There’s a series of old wood truss bridges scattered across the back roads and secondary highways of British Columbia. Distinctive in design and framed with massive timber beams, all tied together with metal bolts and rods, they look a bit outdated in today’s modern world, seemingly more fitting for a time when horsepower came from real horses than mechanical means. This example can be found on Airport Road near the community of Salmo.
The department of highways doesn’t seem to mention when it was built buy others in the province seems to date from the 1910s and 1920s. It’s pretty certain that some beams are newer, having been replaced over time. It’s built to a Howe Truss design, common for wood framed bridges like this. Diagonals are in compression, steel rods in tension. There is a load limit, as would be expected.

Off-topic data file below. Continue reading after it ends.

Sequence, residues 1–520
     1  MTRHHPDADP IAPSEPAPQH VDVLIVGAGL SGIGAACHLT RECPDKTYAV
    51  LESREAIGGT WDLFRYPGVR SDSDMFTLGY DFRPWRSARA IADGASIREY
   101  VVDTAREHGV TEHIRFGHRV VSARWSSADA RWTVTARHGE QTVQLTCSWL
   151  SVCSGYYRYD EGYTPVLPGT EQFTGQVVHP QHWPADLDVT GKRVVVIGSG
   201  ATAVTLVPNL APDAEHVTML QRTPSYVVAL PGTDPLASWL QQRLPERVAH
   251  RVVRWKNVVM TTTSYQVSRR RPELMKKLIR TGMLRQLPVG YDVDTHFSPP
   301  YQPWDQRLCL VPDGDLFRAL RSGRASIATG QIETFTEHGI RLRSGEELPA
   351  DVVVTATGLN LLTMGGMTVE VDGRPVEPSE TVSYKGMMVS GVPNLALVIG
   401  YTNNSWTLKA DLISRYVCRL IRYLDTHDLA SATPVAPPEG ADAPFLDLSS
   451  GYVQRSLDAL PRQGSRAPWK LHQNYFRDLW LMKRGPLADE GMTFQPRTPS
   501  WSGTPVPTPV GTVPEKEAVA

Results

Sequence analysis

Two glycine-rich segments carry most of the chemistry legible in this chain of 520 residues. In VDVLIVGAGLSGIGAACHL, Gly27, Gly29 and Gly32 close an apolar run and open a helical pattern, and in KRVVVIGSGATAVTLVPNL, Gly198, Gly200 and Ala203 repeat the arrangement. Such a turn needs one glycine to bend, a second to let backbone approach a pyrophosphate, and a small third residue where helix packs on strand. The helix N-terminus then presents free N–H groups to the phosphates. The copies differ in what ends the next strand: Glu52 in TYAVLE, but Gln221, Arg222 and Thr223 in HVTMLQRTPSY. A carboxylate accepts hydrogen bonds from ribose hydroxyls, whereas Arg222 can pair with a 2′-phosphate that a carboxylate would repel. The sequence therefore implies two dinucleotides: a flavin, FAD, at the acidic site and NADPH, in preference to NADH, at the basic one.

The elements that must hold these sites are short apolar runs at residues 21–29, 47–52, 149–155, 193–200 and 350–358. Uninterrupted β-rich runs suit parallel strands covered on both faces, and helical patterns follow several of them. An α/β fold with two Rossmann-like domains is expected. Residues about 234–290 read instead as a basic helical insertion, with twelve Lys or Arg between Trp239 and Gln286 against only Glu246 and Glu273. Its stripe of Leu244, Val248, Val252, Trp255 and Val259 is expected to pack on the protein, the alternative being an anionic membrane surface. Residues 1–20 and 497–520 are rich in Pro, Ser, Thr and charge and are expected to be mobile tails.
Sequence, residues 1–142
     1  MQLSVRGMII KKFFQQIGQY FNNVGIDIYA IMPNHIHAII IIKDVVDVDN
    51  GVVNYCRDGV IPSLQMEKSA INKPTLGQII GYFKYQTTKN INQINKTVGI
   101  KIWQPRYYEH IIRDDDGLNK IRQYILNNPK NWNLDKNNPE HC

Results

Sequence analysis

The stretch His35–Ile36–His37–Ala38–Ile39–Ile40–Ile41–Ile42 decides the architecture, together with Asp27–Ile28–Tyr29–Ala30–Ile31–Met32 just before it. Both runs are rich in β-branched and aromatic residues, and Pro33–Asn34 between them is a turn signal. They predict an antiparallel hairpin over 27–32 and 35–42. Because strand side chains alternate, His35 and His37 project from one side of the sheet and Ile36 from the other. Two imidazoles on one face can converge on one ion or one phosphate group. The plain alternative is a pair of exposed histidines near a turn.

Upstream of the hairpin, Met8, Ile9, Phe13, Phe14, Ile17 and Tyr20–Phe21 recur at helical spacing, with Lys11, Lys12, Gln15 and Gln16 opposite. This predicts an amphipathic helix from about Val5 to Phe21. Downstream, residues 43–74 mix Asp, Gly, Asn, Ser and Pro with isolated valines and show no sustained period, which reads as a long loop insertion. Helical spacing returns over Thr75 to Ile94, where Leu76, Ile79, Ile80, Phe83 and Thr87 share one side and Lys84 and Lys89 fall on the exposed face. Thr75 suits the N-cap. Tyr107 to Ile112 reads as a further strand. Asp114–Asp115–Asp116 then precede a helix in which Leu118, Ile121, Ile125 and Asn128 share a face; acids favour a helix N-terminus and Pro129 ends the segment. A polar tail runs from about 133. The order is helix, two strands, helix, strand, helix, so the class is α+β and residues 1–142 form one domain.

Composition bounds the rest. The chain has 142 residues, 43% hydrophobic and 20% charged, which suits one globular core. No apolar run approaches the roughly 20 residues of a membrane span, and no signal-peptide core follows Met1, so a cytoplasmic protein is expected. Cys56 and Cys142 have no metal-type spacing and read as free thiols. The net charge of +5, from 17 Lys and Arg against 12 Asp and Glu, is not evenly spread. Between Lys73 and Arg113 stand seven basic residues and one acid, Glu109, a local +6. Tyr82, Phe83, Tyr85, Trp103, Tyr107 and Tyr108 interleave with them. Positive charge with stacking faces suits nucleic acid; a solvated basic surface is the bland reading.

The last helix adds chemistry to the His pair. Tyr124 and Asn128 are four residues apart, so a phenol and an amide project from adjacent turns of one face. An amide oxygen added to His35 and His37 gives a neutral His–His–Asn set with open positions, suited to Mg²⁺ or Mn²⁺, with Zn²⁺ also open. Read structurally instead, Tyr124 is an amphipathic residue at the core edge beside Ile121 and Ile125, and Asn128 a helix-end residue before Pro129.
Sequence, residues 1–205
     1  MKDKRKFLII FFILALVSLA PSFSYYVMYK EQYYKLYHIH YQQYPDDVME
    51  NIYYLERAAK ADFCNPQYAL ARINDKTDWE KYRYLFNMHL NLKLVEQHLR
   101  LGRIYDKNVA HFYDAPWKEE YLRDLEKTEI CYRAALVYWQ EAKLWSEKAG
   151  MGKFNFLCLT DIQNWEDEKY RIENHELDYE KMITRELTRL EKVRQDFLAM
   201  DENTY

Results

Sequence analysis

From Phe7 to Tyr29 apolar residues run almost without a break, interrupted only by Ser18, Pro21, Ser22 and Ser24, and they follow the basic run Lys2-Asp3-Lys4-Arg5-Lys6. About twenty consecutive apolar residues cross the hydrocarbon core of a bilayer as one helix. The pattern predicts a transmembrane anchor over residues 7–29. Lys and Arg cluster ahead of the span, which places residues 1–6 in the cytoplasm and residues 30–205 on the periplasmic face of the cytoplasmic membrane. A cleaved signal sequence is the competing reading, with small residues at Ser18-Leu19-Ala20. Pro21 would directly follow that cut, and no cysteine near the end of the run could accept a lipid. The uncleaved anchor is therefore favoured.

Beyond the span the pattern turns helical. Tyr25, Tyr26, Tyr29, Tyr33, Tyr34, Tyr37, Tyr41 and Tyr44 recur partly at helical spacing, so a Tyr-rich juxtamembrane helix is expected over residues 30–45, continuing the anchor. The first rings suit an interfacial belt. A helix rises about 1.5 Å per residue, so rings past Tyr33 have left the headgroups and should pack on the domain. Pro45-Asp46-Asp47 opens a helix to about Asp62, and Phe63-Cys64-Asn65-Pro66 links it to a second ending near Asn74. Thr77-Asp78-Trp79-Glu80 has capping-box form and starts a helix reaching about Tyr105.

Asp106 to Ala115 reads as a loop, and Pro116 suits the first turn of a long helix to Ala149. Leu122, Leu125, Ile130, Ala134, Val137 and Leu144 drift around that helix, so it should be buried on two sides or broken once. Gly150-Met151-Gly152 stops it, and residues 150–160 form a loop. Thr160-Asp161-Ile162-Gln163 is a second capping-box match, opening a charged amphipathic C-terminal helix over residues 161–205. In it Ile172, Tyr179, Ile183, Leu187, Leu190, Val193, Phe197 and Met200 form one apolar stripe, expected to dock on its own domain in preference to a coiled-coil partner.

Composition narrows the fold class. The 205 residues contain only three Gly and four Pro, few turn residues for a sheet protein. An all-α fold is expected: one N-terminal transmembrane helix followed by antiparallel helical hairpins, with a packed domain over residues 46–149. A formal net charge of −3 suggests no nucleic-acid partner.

It’s not known how many similar bridges like this exist across the province – we couldn’t seem to find an inventory. This author knows of a few and no doubt there’s many, many more. A Google image search turned others.
Check out this timber road/rail bridge!
East Coulee’s historic wood bridge.
Short Subjects: reports that for any number of reasons are brief in nature. They might be updates to older articles, previews of posts planned or not yet published, brief snippets of things that don’t fit in anywhere else or subjects that are so obscure that information on them can’t be found. Or sometimes we just ramble on about Lord knows what.
If you need any more information on what we talked about here, by all means contact us!
Date of adventure: July, 2016.
Location: Salmo, BC.
The bridge is along a public road